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The State of Young America: Health Care and Coverage

Part three of a five-part series

In the third chapter of SOYA, we see that long-term economic trends, such as diminished wages and disappearing jobs, combined with rising health care costs, make our generation of young adults the most uninsured age group in the country. But in spite of these bleak trends, changes to the insurance system brought by health care reform have begun to improve coverage rates for 18-34 year olds nationwide, with one million more young adults covered already, and more progress expected in the years ahead.

For now, persistent uninsurance and the resulting negative health outcomes are not a choice for many young adults, but a harsh economic reality.  In fact, only 4.6% of young adults we polled said they choose not to have health insurance, and the rest remain uninsured because they don’t have access to affordable care.  Indeed, health care costs have the serious potential of wiping out young people’s often meager savings, and forcing many of us to turn to credit cards to pay our medical debts. Here are some more stats taken from the report and poll:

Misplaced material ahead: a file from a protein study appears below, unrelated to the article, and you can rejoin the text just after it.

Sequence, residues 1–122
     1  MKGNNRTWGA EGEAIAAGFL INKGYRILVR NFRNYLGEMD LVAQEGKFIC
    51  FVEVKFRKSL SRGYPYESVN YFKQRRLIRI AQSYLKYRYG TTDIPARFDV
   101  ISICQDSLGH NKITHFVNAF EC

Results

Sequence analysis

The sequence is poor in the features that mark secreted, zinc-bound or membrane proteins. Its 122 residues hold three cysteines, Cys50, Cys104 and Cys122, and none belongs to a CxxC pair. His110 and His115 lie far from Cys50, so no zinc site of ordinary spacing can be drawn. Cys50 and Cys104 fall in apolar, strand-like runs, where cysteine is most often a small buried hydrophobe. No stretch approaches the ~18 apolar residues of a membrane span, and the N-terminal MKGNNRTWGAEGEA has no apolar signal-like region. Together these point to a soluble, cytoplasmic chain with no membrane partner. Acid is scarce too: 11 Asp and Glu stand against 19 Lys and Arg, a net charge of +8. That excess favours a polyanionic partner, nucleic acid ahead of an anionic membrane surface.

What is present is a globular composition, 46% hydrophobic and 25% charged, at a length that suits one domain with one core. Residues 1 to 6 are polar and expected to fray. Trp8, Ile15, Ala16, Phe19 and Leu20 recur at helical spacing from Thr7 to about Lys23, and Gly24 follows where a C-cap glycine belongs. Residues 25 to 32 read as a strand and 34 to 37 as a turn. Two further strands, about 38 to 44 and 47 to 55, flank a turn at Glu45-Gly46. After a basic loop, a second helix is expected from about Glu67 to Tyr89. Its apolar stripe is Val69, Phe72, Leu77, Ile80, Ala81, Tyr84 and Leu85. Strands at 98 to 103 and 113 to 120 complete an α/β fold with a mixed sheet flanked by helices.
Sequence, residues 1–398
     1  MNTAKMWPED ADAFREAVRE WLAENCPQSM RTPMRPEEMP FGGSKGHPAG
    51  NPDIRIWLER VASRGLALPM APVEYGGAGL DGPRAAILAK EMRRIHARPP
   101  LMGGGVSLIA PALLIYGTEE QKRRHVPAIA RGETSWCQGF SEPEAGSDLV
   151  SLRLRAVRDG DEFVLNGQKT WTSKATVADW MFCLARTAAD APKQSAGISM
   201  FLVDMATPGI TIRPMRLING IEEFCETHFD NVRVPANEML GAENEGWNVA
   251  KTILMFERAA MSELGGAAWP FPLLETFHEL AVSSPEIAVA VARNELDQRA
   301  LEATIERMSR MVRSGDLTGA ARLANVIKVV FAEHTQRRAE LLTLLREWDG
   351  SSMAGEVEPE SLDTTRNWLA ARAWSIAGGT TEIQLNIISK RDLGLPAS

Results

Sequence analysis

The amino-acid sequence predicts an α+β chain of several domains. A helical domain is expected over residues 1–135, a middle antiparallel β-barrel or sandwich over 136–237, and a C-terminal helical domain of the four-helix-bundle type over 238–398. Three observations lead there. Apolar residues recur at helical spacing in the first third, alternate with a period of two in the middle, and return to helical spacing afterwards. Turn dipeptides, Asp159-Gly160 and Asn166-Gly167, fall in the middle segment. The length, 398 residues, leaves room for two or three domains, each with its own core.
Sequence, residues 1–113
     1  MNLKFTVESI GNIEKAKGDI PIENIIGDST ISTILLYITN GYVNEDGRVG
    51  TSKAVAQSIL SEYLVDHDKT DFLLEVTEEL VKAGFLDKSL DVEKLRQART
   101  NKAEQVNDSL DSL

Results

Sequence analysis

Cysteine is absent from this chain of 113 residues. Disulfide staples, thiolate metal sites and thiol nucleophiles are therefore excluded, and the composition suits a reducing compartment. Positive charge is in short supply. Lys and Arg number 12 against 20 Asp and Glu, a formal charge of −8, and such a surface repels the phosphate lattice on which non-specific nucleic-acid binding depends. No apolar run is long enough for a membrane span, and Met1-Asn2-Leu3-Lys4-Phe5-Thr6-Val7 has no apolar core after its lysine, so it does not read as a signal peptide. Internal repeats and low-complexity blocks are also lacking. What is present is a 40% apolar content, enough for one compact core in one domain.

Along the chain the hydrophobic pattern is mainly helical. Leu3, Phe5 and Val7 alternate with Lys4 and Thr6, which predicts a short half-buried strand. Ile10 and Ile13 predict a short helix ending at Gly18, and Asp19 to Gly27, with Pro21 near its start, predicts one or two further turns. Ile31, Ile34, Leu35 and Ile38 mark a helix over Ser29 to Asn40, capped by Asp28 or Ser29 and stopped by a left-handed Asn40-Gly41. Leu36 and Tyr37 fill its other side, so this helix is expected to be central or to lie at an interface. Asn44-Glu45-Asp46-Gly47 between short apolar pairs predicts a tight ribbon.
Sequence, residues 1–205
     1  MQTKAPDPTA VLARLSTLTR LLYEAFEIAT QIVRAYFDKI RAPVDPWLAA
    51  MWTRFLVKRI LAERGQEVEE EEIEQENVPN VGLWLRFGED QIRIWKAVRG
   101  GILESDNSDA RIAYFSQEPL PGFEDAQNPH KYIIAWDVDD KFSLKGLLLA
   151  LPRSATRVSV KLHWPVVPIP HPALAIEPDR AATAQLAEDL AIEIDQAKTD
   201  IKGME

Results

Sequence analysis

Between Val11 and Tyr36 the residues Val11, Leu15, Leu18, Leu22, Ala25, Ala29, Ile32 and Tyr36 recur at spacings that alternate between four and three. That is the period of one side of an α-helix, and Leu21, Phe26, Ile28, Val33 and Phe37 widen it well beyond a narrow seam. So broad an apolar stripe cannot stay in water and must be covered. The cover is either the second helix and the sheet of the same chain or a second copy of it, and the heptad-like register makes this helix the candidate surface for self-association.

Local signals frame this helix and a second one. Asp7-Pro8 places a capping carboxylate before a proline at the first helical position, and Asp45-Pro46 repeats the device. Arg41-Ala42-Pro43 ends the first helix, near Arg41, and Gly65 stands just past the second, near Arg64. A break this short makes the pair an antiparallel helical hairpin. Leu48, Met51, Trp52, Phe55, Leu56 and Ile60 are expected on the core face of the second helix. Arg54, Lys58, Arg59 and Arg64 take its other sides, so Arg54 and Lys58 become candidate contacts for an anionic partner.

• Over one-third (36%) of young adults are worried about being able to afford health care for their family.
  • 82% of young people believe protecting health care services and access for low-income people should be a priority of Congress.
  • Credit card debt is 79% higher for young adults with medical debt than those without.
  • The proportion of full-time workers aged 18-24 with insurance through their job dropped by 12.8% in 10 years alone.
  • In 2009, just 47.3% of 18-24 year olds had employer-sponsored insurance.

Despite recent years of rising costs and uninsurance rates, changes to the system brought by the Affordable Care Act (ACA) promise improvements in health care access and security, and will likely help many more young people gain coverage in the next few years as its provisions take effect.




Here are some points of hope that we already see:

  • The number of uninsured young adults 18 to 24 continues to fall – by a total of one million in the last quarter of 2010 and the first two quarters of 2011.
  • The share of young adults 18-25 without coverage dropped from 28% in the third quarter of 2010 to 24.2% in the second quarter of 2011.

To read the full report, click here. Stay tuned for Monday’s post on how high costs for everday needs are impacting young people’s future.